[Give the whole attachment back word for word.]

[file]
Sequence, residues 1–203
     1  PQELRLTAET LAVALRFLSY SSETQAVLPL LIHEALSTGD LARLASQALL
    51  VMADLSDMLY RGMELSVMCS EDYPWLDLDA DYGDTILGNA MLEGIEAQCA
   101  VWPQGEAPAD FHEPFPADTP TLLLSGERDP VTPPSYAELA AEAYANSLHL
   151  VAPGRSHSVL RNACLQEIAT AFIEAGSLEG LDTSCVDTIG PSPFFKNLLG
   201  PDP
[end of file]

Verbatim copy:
Sequence, residues 1–203
     1  PQELRLTAET LAVALRFLSY SSETQAVLPL LIHEALSTGD LARLASQALL
    51  VMADLSDMLY RGMELSVMCS EDYPWLDLDA DYGDTILGNA MLEGIEAQCA
   101  VWPQGEAPAD FHEPFPADTP TLLLSGERDP VTPPSYAELA AEAYANSLHL
   151  VAPGRSHSVL RNACLQEIAT AFIEAGSLEG LDTSCVDTIG PSPFFKNLLG
   201  PDP